For those of us who’d like to pretend that we live in a post-racial America, director Steve McQueen’s ’12 Years a Slave’ serves as a stark reminder of the horrifying wounds of slavery –wounds that, even 150 years later, still have yet to heal. There have been countless films set during this time period (‘Gone with the Wind’ unfortunately the most prominent), but it’s telling that few if any have ever directly confronted the day-to-day hell endured by African Americans at the height of the Antebellum South. In order to learn from our history, we must fully acknowledge the evils of our past, and this film unapologetically pulls no punches.
’12 Years a Slave’ is a true story based on Solomon Northrop’s 1853 memoir. Northrop (played marvelously by Chiwetel Ejiofor) is a free man, living a comfortable life with his family in Saratoga, New York in 1841, until he’s kidnapped by slave traders and smuggled by riverboat to a plantation in Louisiana. Forced to disavow his past life, Solomon is then sold by a despicably entrepreneurial trader (Paul Giamatti), who while separating mothers from children, piously pronounces, “My sentimentality extends the length of a coin.” Northrop winds up on the plantation of William Ford (Benedict Cumberbatch), an almost decent but hypocritically complicit man who treats human beings as property. After an altercation with Ford’s abusive and half-witted plantation hand Tibeats (Paul Dano), Northrop is sold to Edwin Epps (Michael Fassbender), a sadistic, alcoholic psychopath who quotes scripture to justify lashings and frequently rapes his favorite slave Patsey (Lupita Nyong’o). Fassbender’s performance is a fascinating study in restraint. He could have cranked the dial to 11 and played an over-the-top good ol’ boy, but instead strikes a nuanced tone. This is a miserable, self-loathing drunk lashing out at an unhappy marriage and unfulfilled life. I was reminded of Ralph Fiennes performance as Ammon Goethe in ‘Schindler’s List’.
Part of the brilliance of the film is Northrop’s dual perspective. He’s simultaneously a slave and a free man witnessing the horrors of slavery. At first, he can hardly believe what’s happening to him – and neither can we. These horrors are not limited to outbursts of random violence, but extend into the dehumanizing daily routines of life on the plantation: backbreaking work, squalid living conditions and permanent separation from loved ones. We also see the disturbing intimacy that develops between master and slave. Solomon and his fellow prisoners have no choice but to accept their status and hope to curry favor with their owners. This is not the South of ‘Django Unchained’. The evil that permeates every frame is of the banal, day-to-day variety. Many of the slave owners Solomon encounters seem like the kinds of people who would be good citizens and cordial hosts – so long as you don’t happen to belong to them.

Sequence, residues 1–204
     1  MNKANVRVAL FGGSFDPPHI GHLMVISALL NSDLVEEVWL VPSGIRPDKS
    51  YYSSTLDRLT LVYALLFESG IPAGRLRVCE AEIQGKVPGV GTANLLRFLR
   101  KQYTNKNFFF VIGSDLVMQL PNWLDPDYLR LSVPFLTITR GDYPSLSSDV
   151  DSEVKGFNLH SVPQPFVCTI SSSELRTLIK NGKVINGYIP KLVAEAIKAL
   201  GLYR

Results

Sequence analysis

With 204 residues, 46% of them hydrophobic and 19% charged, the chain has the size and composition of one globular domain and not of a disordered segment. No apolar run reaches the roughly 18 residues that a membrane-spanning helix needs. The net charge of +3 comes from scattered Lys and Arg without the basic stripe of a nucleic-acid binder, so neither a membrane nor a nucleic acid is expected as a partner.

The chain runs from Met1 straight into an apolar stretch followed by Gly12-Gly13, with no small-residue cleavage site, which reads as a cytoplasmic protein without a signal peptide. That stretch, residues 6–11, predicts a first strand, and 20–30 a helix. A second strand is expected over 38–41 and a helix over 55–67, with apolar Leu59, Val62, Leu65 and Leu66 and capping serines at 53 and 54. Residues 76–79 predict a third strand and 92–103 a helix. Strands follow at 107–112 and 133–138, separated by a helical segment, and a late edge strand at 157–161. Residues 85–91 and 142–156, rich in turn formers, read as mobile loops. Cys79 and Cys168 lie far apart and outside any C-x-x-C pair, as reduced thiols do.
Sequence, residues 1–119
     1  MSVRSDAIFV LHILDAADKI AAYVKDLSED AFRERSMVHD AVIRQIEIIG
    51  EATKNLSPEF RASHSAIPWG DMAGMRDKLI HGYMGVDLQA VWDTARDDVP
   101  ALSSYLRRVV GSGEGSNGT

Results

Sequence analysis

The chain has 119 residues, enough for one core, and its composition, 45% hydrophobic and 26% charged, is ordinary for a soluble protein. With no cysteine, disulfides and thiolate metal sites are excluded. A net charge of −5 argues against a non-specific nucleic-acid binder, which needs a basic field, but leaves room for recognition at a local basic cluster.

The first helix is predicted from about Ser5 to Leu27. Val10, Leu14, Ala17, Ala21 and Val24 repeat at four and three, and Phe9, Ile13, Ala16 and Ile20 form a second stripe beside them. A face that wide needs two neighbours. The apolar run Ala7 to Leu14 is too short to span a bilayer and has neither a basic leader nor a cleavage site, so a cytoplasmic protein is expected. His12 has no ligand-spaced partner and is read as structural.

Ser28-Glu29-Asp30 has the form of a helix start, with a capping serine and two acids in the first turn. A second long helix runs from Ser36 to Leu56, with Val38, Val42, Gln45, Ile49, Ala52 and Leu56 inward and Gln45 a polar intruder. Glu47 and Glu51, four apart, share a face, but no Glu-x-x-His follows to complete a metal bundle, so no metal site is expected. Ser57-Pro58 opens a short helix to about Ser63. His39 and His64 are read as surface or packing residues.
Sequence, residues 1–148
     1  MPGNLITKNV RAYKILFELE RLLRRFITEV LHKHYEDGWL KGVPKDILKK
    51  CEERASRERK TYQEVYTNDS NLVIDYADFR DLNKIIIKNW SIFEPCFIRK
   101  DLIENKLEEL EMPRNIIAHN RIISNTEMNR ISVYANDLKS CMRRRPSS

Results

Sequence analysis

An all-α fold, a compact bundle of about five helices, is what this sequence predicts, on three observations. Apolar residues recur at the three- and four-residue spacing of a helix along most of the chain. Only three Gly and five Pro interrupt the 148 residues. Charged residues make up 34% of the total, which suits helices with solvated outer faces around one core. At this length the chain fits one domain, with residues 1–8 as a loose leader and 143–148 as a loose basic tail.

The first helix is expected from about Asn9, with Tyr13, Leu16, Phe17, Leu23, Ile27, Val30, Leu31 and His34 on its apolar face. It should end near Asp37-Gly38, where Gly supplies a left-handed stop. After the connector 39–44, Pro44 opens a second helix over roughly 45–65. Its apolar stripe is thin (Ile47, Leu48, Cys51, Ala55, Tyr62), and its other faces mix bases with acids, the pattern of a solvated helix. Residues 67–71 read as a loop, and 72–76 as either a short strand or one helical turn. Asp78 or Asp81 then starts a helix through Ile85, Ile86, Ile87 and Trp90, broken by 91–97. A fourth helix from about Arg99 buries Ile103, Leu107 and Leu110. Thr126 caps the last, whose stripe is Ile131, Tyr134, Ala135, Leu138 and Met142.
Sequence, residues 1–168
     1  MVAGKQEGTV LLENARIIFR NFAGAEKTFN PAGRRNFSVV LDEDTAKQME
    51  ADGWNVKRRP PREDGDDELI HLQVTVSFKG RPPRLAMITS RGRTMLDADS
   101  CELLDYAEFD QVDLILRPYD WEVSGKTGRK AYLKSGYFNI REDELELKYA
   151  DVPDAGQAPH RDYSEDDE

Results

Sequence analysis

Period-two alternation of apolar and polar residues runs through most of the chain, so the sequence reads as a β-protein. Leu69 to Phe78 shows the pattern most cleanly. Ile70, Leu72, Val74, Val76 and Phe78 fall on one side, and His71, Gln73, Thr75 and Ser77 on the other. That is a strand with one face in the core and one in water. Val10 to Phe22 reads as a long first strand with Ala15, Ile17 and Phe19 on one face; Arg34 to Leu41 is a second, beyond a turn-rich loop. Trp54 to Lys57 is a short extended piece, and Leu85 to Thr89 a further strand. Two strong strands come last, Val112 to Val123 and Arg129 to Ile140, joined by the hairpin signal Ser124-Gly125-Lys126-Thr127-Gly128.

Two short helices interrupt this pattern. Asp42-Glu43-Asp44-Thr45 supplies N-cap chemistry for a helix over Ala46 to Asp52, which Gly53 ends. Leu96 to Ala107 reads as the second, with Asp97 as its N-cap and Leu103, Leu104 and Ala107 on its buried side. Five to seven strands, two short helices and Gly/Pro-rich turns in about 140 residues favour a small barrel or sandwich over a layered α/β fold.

As a slave on Solomon’s riverboat tells him, “Survival’s not about certain death. It’s about keeping your head down.” We see this time and time again, as slaves on the plantation have no choice but to look the other way while others are brutalized. In one unforgettable scene, Solomon stands on his tiptoes, hanging from the end of a noose as the other slaves awaken for the day’s work, ignoring his peril and going about their business. Children play in the background. Given the circumstances, what would you do? It’s an uncomfortable question to ask.
Director Steve McQueen’s previous films ‘Hunger‘ and ‘Shame‘ bordered more on the experimental than the narrative. With ’12 Years’, he goes in the opposite direction, retaining his visual fits, but at the same time connecting the audience to Solomon’s ordeal. While McQueen deserves much of that credit, he also owes much to an extraordinary performance by Ejiofor. The actor plays an extraordinary man who must go to great lengths to appear average.
While the film has some weak spots (Brad Pitt’s strange casting as a philosophical farmhand being one), it’s nearly perfect overall. In the end, we’re left with an incredible true story of a man who refused to simply survive, but demanded to live. Yet, while reveling in one man’s story, the film doesn’t ignore its most indelible truth. While Northrop triumphed, countless other slaves were not so fortunate and had their lives erased in the name of greed and racial supremacy.
This is one of the best films of the year.